|Tour de France: 1-23 July|
|Coverage: Live text commentary of the final stage on the BBC Sport website. BBC Radio coverage from 16:30 BST on the website.|
Chris Froome effectively clinched his fourth Tour de France title after finishing third on the penultimate stage of the race in Marseille.
Briton Froome finished six seconds behind stage winner Maciej Bodnar.
The 32-year-old took time out of all his major yellow jersey rivals on a 22.5km individual time trial.
The Team Sky rider will not have his lead attacked on Sunday’s processional final stage into Paris and will win the race for the third successive year.
“It just was just an amazing feeling to finish in this atmosphere in this stadium,” Froome told ITV4 afterwards.
“Three weeks of racing are almost at an end – we’ve still got to get to Paris but this is an amazing feeling.”
Earlier on Saturday, the women’s race – La Course by Le Tour – was won by Dutch cyclist Annemiek van Vleuten.
In an unusual pursuit format, she managed to hold off a group of three riders that included Britain’s Lizzie Deignan to ensure that she won both of the two stages of the race. Deignan outsprinted Italy’s Elisa Longo Borghini to claim second.
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Desperate battle for a podium spot
Froome might have extended his overnight lead from 23 to 54 seconds, but there was an almighty battle for the other two podium spots.
French favourite Romain Bardet trailed Froome by 23 seconds overnight while Colombian Rigoberto Uran was 29 seconds behind the leader.
But Froome’s Sky team-mate Mikel Landa had been in superb form during the Tour and, starting the time trial one minute 36 seconds behind the leader, went down the ramp knowing that a strong ride could see him claw his way into the top three.
Uran got a corner wrong as he prepared to enter the Stade de Velodrome at the end of his ride and Bardet paid after attacking too hard on the climb up to Notre Dame de la Grande.
In the end, Bardet slipped to third, losing second place to Uran, and clung onto a podium spot by the tightest of margins – finishing one second ahead of the unfortunate Landa.
TV pictures showed Bardet looking shattered and distraught after his ride but at least he held onto third.
“I really didn’t feel good,” said Bardet.
“For the last few days I haven’t been in good health and today I paid for it in cash. I fought to the end but it’s true that it was tough, I quickly saw that I wasn’t at the races.”
Never in doubt for ice cool Froome
Froome had admitted prior to Saturday’s time trial that the race was his to lose – and maintaining his lead never really looked in doubt as he executed a controlled ride that almost saw him catch Bardet, who had set off two minutes ahead of him.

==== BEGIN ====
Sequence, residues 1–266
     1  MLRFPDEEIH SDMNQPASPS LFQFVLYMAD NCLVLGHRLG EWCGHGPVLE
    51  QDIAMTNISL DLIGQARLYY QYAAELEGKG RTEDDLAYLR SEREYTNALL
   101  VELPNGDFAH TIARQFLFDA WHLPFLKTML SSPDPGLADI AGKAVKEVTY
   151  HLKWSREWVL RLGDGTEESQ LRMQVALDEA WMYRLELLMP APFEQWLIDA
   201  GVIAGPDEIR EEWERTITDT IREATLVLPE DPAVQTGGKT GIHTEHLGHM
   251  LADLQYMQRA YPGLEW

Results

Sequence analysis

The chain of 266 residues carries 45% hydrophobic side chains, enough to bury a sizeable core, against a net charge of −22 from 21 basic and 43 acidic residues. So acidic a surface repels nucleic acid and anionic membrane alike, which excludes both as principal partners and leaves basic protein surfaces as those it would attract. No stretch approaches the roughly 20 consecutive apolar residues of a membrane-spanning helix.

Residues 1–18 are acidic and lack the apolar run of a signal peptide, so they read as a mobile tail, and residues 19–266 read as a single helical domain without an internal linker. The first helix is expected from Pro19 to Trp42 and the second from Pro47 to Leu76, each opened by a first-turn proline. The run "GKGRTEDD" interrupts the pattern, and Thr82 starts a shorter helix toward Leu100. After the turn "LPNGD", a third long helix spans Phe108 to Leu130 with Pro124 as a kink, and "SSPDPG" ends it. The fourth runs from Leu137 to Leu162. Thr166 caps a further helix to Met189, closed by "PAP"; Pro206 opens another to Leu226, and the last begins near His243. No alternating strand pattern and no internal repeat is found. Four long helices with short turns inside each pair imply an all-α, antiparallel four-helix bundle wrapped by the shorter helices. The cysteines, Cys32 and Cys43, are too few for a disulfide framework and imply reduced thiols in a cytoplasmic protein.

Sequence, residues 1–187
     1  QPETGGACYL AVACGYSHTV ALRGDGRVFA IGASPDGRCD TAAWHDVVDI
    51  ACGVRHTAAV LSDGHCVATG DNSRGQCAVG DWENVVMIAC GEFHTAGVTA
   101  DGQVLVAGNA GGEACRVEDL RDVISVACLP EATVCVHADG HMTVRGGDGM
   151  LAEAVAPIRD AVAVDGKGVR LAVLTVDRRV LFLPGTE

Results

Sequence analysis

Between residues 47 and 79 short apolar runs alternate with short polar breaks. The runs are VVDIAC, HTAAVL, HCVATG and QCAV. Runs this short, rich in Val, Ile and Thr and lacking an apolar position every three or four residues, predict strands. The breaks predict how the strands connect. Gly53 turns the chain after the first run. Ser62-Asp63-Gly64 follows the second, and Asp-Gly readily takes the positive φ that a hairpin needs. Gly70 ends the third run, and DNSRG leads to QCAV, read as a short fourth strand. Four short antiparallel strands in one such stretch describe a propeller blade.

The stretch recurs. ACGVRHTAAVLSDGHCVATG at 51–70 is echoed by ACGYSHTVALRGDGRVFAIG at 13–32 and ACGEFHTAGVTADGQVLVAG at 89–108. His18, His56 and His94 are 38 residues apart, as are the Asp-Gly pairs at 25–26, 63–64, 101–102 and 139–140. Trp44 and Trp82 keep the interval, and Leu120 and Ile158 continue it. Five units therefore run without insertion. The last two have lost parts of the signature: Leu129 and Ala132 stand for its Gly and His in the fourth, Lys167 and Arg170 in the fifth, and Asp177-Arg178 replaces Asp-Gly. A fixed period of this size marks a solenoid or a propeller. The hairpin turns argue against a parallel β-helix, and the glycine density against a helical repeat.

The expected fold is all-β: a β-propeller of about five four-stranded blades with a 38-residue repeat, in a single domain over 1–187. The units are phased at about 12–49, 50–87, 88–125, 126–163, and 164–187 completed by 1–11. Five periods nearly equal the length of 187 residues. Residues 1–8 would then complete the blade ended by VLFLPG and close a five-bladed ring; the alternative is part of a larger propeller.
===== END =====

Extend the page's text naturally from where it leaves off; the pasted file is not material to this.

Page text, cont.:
Froome was booed by some of the patriotic home crowd as he made his way down the ramp, the last man to roll out of the Velodrome.
But by the time he reached the first time check at Palais du Pharo after 10.2km he was the second fastest, trailing team-mate Michal Kwiatkowski. That meant he had extended his lead over key general classification rivals Bardet and Uran, and it was obvious that barring an unforeseen problem victory would be his.
The only question would be whether he went on to win the stage – something that had eluded him in the race so far.
But he could not match the time of Bora-Hansgrohe rider Bodnar, who in the end finished one second ahead of Kwiatkowski to claim the most famous stage win of his career.
Bodnar, who had been 52nd of the 167 remaining competitors down the ramp, had been caught 200m from the line in Pau at the end of stage 11 after a solo breakaway of 200km.
And so barring an extremely unlikely stage win in Paris, Froome will become the seventh man to win a Tour without a stage victory.
Yates seals white jersey
Most of the other jerseys had been long wrapped up before the start of Saturday’s stage.
We knew that Australian Michael Matthews would roll into Paris wearing green as the race’s top sprinter and Frenchman Warren Barguil in the polka dot jersey as the King of the Mountains.
But Britain’s Simon Yates was seventh – just one place ahead of South African Louis Meintjes in the white jersey competition for the best rider under the age of 26.
The gap between them was two minutes six seconds overnight – and that was exactly how it finished at the end of Saturday’s stage.
The end of the road is nigh
Back in Dusseldorf on 1 July, 198 riders from 22 teams set off on the long road to Paris.
After 3,521km it is almost time for the 167 remaining riders to end their Tour with Sunday’s 103km procession from Montgeron to Paris.
The 21st and final stage of the race starts at 15:40 BST and is scheduled to finish at approximately 18:30 BST.
Racing will only really start for real when the riders get to Paris – and the remaining sprinters in the contest battle it out for one final stage win.
Stage 20 result:
1. Maciej Bodnar (Pol/Bora-Hansgrohe) 28mins 15secs
2. Michal Kwiatkowski (Pol/Team Sky) +1sec
3. Chris Froome (GB/Team Sky) +6secs
4. Tony Martin (Ger/Katusha-Alpecin) +14secs
5. Daryl Impey (SA/Orica-Scott) +20secs
6. Alberto Contador (Spa/Trek-Segafredo) +21secs
7. Nikias Arndt (Ger/Team Sunweb) +28secs
8. Rigoberto Uran (Col/Cannondale-Drapac) +31secs
9. Stefan Kung (Swi/BMC) +34secs
10. Sylvain Chavanel (Fra/Direct Energie) +37secs
General classification after stage 20:
1. Chris Froome (GB/Team Sky) 83hrs 55mins 16secs
2. Rigoberto Uran (Col/Cannondale-Drapac) +54secs
3. Romain Bardet (Fra/AG2R La Mondiale) +2mins 20secs
4. Mikel Landa (Spa/Team Sky) +2mins 21secs
5. Fabio Aru (Ita/Astana) +3mins 05secs
6. Dan Martin (Ire/Quick-Step Floors) +4mins 42secs
7. Simon Yates (GB/Orica-Scott) +6mins 14secs
8. Louis Meintjes (SA/Team UAE Emirates) +8mins 20secs
9. Alberto Contador (Spa/Trek-Segafredo) +8mins 49secs
10. Warren Barguil (Fra/Team Sunweb) +9mins 25secs